Australia: Gearing Up For The Future

Last Updated: 10 June 2008
Article by Tara Jones

Just as simpler super begins to look just that – simple – recent amendments to superannuation legislation have opened the door to new borrowing opportunities for super funds.

From September 24, 2007, the general prohibition on superannuation funds from borrowing under s67 of the Superannuation Industry (Supervision) Act (SIS Act), subject to limited exceptions, has been relaxed to allow super funds to borrow to purchase any asset that they would otherwise be able to acquire, subject to certain strict instalment warrant like conditions.

Background to Instalment Warrants

Instalment warrant arrangements in Australia have developed since the 1990's and have typically been created in respect of listed securities, managed investment funds and, more recently, direct property investment. Most notably perhaps was the warrant offered for the privatisation of Telstra (T1, T2 & T3)

An instalment warrant generally gives the holder the right to purchase the underlying asset (eg listed shares) from the issuer (eg a bank) at a particular price on or before a certain date. There are a number of different types of warrants with the design or terms often varying from provider to provider and from product to product.

In the past SMSF trustees have invested in instalment warrants, such as Telstra, on the basis that they did not constitute a borrowing or charge at law. However, in November 2006, it was declared by the Australian Taxation Office (ATO) and Australian Prudential Regulation Authority (APRA) that the use of such products by super funds did constitute 'borrowing'. In response to industry pressure, the Government subsequently amended the borrowing provisions to allow funds to continue investing in these products.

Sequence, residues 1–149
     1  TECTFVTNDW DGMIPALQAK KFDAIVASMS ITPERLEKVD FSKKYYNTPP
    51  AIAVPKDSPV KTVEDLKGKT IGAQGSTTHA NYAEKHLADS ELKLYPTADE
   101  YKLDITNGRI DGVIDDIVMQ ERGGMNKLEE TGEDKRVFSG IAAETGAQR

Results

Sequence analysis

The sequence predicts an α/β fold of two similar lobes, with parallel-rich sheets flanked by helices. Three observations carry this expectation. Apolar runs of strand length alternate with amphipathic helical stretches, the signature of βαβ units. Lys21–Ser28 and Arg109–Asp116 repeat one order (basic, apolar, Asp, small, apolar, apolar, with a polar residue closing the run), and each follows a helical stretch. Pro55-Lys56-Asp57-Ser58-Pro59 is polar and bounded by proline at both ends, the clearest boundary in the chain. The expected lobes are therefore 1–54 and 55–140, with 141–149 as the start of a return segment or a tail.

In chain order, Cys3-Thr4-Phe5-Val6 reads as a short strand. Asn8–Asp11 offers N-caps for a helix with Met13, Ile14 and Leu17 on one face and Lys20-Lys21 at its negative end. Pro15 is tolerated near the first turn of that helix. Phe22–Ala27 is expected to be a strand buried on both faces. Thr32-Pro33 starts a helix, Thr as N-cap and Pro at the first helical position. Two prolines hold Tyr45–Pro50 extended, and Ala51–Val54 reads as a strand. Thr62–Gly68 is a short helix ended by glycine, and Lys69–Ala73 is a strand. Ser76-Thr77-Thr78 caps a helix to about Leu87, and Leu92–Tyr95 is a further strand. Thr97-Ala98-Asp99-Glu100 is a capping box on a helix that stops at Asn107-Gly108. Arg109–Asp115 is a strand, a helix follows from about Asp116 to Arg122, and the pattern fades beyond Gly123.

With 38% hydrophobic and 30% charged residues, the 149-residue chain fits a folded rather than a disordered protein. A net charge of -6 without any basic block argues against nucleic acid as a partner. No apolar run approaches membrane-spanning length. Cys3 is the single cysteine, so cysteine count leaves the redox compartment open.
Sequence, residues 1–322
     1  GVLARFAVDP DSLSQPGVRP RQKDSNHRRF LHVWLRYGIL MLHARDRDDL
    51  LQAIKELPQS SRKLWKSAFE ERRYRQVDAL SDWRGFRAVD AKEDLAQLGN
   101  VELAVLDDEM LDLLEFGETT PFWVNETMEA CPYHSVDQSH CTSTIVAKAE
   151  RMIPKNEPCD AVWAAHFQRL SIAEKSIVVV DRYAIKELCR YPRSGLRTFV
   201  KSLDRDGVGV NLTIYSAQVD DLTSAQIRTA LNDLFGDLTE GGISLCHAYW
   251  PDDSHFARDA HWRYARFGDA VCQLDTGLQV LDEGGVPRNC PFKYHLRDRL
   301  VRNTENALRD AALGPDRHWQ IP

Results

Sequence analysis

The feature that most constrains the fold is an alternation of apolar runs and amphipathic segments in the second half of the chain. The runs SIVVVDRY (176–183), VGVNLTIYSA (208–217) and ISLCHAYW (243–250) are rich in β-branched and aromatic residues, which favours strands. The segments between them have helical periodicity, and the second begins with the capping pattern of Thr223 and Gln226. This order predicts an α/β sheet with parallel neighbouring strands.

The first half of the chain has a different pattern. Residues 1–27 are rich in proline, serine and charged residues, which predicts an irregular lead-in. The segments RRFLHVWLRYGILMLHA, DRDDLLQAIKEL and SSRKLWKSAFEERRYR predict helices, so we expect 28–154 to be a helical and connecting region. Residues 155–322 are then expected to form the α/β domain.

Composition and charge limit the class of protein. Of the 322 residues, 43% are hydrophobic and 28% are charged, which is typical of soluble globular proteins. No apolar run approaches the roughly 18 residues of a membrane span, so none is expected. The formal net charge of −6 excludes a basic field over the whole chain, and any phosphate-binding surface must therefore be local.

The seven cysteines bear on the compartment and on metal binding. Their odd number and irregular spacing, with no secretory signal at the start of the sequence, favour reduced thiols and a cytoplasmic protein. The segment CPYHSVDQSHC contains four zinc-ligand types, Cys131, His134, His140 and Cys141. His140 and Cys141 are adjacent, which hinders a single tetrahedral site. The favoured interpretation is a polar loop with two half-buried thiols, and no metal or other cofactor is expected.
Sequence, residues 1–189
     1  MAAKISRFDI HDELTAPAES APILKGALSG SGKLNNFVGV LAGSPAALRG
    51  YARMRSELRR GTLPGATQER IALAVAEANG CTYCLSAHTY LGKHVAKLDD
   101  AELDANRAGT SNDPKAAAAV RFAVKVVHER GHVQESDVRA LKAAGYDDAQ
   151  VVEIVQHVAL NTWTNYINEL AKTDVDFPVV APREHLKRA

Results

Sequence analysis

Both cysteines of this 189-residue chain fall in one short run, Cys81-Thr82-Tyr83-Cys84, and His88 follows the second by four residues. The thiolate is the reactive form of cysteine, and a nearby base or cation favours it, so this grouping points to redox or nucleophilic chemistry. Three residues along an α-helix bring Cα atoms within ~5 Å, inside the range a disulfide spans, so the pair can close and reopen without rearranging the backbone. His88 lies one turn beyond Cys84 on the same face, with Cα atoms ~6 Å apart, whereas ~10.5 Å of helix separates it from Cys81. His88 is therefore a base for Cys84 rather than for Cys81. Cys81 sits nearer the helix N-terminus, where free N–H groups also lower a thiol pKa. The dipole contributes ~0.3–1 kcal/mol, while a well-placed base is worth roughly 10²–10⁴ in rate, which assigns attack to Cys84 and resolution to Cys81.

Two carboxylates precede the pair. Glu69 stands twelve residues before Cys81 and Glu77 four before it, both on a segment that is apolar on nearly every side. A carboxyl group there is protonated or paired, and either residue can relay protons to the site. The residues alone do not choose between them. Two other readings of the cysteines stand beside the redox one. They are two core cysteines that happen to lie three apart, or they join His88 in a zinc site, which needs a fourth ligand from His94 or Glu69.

These amendments have wider implications in that they not only confirmed the current status allowing super funds to invest in commercial instalment warrants, but they also allow trustees to put in place their own private instalment warrants in order to borrow to purchase any asset, provided certain requirements have been satisfied. This represents a major concession for superannuation funds where the trustee can now borrow to directly acquire assets such as real property.What are the new rules?

The new exception provided in s67(4A) of the SIS Act sets out how a fund trustee can now borrow money or maintain a borrowing of money under an arrangement where:

  • The borrowing is used to purchase an asset that the fund trustee could have acquired directly without beaching the SIS Act;
  • The asset is held on trust for the super fund so that the fund trustee acquires a beneficial interest in the asset (a security/debt instalment trust is established over the asset);
  • The fund trustee has the right to acquire legal ownership of the asset after making one or more payments; and
  • The borrowing is limited recourse. That is, in the eventuality that the fund trustee defaults on the loan, the lender will have recourse against the 'finance' asset and any other property offered as guarantee. This means that the assets of the super fund will not be at risk under this financing structure.

Further amendments to the in-house asset rules ensure that the establishment of the security/debt instalment trust to satisfy the above rules would not be an in-house asset provided the asset being acquired is the only asset held by the trust and it would not be an in-house asset if acquired directly by the fund.

How it works

The new provisions allow the trustee of a SMSF to enter into a form of limited recourse borrowing. The simple rule to remember is that if the fund can acquire the asset directly, then it can also acquire the asset by borrowing the money through an arrangement described above. The changes still ensure that people cannot use the new rules to avoid in-house asset rules under the SIS Act.